This is a small tip i recently started to use consistently and it helped me a lot for the node 11/12 battles. I'm sure many of you know this already but for some others this might be helpful and to the best of my knowledge it wasn't explicitly mentioned here on the forum (at least not explicitly in GW guides).
A generally applied strategy for the last battle(s) in GW is to use suicide or B/C/D/.. squads to set specials of the opposing team on cool down and to weaken them. So the last battle(s) will mostly involve several teams of your own. However, the problem is that any new character brought into a GW battle will not profit from the TM carryover from previous battles rendering them, together with the fact that those mostly will not be A-team chars and therefore most probably slower, in a disadvantageous position.
This can be countered by using your suicide and C-/B-/ (etc) Teams on node 1,2,3 ... (starting with the weakest team) and only starting to use your main squad when nodes become stronger(around node 3/4; that's important because otherwise the protection of your secondaries will be damaged to much). This way, the TM of all your chars relevant for the later hard nodes will be pre-charged. If re-introduced in a later battles they will most probably get turn before any opposing char which helps significantly.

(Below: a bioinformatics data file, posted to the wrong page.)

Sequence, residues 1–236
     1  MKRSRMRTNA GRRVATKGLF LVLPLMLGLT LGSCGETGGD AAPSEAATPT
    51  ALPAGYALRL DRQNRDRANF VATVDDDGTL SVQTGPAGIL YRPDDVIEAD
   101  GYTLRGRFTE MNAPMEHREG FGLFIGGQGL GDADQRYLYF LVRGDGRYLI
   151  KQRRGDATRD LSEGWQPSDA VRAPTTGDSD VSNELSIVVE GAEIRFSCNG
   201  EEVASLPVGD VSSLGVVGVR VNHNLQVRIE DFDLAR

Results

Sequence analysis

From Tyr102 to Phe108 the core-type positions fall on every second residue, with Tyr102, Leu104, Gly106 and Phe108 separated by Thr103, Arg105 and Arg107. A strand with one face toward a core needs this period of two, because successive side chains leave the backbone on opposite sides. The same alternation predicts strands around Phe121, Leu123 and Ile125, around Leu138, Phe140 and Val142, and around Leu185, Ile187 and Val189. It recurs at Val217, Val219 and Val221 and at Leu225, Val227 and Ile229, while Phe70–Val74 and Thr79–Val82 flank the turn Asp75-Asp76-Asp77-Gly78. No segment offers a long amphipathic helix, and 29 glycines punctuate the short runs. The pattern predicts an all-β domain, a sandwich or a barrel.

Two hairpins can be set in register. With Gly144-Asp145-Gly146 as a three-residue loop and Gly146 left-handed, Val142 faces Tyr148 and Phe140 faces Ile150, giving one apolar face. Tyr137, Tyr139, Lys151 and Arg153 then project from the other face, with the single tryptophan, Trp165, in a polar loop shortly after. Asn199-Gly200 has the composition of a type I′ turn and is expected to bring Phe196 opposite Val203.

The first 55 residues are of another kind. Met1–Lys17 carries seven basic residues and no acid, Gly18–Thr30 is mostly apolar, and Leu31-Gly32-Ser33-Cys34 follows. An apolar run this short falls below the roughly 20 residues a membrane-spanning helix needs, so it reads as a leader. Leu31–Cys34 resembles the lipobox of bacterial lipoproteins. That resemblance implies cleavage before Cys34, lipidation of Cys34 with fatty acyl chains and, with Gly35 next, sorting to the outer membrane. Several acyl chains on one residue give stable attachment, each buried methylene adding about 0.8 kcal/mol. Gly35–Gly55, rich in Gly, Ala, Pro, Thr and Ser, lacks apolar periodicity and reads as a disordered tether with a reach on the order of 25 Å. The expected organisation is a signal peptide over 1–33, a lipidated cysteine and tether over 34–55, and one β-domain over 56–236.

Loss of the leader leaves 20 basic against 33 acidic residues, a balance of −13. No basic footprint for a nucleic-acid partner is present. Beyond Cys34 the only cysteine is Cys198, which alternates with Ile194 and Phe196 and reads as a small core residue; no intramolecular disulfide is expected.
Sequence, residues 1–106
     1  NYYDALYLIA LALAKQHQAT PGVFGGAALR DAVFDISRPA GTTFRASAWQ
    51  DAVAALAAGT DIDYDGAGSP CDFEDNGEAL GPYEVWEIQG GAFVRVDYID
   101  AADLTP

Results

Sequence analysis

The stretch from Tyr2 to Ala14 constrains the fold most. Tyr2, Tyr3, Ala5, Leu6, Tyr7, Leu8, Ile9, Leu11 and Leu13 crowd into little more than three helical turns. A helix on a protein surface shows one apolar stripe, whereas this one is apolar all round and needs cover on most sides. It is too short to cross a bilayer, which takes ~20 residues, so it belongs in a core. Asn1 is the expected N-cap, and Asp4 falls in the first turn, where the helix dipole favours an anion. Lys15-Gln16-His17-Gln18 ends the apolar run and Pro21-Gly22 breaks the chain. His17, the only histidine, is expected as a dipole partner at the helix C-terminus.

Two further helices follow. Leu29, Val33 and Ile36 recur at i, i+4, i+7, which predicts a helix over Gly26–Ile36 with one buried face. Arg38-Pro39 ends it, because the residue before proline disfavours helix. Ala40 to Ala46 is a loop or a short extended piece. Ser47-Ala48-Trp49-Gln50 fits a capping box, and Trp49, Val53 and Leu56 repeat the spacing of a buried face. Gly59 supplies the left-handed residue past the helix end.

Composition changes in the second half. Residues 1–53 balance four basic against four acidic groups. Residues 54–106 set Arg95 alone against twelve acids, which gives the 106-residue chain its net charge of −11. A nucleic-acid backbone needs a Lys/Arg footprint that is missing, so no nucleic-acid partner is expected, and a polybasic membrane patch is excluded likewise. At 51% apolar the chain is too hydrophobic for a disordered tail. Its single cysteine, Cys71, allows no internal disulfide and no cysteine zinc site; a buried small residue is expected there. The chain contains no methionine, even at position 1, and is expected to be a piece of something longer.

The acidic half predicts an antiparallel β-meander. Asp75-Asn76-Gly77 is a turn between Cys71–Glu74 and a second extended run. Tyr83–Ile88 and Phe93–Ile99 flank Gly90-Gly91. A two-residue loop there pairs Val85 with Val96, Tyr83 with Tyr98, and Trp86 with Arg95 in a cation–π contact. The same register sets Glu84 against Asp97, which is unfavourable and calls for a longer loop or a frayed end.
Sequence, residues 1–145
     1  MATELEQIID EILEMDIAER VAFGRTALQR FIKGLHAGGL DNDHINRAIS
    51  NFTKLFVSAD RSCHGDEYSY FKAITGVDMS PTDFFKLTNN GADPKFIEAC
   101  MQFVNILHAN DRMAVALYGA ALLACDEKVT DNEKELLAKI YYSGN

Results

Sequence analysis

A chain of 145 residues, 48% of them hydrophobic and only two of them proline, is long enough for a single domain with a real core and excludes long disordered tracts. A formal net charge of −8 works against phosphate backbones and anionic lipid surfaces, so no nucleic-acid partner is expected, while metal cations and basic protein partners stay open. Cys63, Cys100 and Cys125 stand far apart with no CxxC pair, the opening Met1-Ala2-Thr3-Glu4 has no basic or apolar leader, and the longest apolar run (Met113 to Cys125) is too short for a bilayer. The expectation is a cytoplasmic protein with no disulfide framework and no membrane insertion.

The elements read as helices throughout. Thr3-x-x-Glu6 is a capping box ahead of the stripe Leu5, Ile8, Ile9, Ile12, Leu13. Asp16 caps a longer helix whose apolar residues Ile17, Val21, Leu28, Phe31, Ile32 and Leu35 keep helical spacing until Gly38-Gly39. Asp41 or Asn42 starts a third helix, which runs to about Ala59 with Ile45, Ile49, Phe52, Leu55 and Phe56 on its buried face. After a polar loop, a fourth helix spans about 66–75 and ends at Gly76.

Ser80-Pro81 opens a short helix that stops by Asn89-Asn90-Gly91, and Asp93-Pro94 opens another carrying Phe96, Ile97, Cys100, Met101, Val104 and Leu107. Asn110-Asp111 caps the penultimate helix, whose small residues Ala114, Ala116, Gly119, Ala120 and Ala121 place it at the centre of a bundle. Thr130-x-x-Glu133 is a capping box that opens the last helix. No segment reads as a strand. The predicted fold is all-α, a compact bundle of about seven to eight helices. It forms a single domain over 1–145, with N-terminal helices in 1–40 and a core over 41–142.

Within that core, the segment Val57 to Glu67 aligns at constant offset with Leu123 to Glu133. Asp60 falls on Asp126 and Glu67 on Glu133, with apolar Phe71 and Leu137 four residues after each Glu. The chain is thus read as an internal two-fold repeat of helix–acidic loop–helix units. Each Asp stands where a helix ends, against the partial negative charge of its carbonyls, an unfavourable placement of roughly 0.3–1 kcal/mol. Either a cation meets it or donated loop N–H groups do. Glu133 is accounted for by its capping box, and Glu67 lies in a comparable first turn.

Of course this only applies if you have secondary teams who can beat those easy nodes without loosing a char and (at least) with full health (better almost full protection).
This rule can also be applied if you follow a different strategy, for instance saving your A-team for last node (then you would use this team at node 1).
So the key is not only having a large rooster at the last node but also to ensure that each character has pre-charged TM by that time, i.e. used at least once during prior fights. For me, i was somehow aware of this long ago but didn't care that much because i was too lazy to switch teams so early in GW. But preparation is what makes the later nodes easier and that safes much more time. So consistency is important too!